STALIN'S SUCCESSORS: Leadership, Stability, and Change in the Soviet Union by Seweryn Bialer

STALIN'S SUCCESSORS: Leadership, Stability, and Change in the Soviet Union

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KIRKUS REVIEW

Completed just before the Soviet invasion of Afghanistan, to which Bialer (Political Science, Columbia) briefly refers in the Introduction as a major break in Soviet policy, this analysis of changing political elites in the USSR should still, if successful, shed some light on that episode. That it doesn't signals the difficulty social science has in forecasting probability. Bialer reviews the last period of Stalin's rule, the period of the Great Purge, which he sees as a conservative phase tacked on to the revolution; he clearly rejects the view--made common currency by Solzhenitsyn most recently--that Stalinism grew organically out of the Bolshevik revolution. Bialer notes that the current leadership is a product of that period; having risen to the top via Stalin's personal power, it has attempted, since his death, to maintain the status quo (witness the failure of the one effort to confront the Stalinist past, that of Khrushchev), But, as everyone knows, Brezhnev and company are very old men now, and Bialer is really interested in saying something about the coming leadership generation, a generation not personally related to Stalin's conservative rule, But, despite the talk of cohorts, it turns out that little can be said; this generation is thought to be materialistic, accustomed to the ways of bureaucracy, perhaps a little more daring in foreign policy (since they are not haunted by the memory of World War II). None of that, of course, distinguishes them from the new elites of any Western country. The one thing that keeps Bialer from predicting a stable Soviet future is the gap between the logical successors to Brezhnev--still the old guard--and this lower-level younger group; when Brezhnev goes, the transition is likely to be smooth, but the second transition could be accompanied by a lot of scrambling and temporary disorder. As for Afghanistan, it doesn't fit the mold, since the succession problem hasn't yet moved into phase one, and the staid old boys are suddenly acting pretty recklessly. Nothing here is new, and while some of it is interesting, there is little to place any bets on.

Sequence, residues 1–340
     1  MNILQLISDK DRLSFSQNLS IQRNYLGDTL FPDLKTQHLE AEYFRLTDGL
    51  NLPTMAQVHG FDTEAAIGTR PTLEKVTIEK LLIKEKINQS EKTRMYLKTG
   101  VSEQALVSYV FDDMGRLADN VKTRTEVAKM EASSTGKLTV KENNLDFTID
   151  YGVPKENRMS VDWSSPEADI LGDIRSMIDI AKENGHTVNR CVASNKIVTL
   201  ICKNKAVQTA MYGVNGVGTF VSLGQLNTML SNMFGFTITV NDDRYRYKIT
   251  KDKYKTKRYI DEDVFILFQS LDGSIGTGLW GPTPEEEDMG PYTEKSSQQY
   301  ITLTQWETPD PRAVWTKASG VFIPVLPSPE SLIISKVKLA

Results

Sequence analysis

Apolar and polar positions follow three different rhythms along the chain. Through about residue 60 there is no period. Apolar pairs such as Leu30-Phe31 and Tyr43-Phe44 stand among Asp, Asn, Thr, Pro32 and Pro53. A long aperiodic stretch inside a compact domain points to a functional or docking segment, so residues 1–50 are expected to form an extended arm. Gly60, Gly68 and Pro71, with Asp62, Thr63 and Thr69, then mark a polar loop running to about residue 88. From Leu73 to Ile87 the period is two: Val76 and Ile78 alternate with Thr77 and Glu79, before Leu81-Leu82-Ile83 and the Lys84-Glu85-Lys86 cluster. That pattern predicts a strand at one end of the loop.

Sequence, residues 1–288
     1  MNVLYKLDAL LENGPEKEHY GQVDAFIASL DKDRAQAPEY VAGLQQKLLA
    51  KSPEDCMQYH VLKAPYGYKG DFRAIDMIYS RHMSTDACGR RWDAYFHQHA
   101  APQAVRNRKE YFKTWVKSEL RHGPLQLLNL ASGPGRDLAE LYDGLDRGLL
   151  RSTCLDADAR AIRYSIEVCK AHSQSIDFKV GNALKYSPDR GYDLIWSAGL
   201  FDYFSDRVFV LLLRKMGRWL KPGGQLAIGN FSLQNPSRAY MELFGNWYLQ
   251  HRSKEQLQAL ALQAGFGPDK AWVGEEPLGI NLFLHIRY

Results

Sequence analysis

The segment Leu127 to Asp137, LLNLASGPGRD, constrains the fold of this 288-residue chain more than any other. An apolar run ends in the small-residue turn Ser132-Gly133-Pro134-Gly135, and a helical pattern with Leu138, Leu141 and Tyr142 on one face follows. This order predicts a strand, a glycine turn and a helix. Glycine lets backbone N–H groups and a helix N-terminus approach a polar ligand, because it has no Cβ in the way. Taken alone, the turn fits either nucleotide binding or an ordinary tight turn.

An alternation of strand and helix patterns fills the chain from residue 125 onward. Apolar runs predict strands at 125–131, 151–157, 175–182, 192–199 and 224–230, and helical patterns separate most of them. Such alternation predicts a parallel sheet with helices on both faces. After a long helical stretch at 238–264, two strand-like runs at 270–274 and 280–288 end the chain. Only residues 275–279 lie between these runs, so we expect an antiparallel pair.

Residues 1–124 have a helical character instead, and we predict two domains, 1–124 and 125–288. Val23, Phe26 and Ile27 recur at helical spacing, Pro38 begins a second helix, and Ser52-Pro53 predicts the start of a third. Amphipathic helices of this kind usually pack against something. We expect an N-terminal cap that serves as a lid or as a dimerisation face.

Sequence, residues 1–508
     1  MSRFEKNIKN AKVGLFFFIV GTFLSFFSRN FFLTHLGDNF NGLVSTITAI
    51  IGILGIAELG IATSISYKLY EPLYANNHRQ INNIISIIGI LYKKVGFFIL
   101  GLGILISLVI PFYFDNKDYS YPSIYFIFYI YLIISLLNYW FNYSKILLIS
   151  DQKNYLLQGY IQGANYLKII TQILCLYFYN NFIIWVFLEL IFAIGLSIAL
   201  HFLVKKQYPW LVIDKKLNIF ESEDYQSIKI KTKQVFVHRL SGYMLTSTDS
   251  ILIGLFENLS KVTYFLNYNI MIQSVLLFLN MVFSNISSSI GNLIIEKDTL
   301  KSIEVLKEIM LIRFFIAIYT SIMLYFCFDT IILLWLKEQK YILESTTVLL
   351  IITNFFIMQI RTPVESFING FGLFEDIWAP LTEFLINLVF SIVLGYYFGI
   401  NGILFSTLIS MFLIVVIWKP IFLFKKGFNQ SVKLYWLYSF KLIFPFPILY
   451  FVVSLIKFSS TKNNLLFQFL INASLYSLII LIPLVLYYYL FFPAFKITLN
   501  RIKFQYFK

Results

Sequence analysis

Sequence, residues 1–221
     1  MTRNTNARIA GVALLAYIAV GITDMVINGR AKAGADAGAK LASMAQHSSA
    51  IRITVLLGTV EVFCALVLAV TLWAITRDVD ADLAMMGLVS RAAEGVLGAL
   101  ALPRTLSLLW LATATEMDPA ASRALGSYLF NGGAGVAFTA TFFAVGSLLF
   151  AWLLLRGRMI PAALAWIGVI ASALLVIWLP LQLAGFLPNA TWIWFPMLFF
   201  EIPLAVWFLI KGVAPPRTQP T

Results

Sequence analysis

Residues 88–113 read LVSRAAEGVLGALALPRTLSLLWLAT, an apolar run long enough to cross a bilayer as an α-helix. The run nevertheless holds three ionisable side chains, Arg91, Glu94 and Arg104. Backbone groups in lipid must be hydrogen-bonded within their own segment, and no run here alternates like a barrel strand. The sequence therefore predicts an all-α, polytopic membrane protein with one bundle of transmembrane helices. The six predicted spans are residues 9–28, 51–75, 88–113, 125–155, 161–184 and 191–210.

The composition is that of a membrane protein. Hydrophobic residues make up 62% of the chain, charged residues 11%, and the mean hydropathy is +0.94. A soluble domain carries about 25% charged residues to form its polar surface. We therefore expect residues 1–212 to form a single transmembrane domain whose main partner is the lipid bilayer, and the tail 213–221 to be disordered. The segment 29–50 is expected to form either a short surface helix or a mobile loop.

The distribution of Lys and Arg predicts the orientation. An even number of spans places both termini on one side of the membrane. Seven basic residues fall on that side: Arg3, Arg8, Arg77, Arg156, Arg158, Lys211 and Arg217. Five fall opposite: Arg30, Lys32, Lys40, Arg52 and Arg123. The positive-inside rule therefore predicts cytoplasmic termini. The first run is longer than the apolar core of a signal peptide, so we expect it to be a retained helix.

Pub Date: Sept. 28th, 1980
Publisher: Cambridge Univ. Press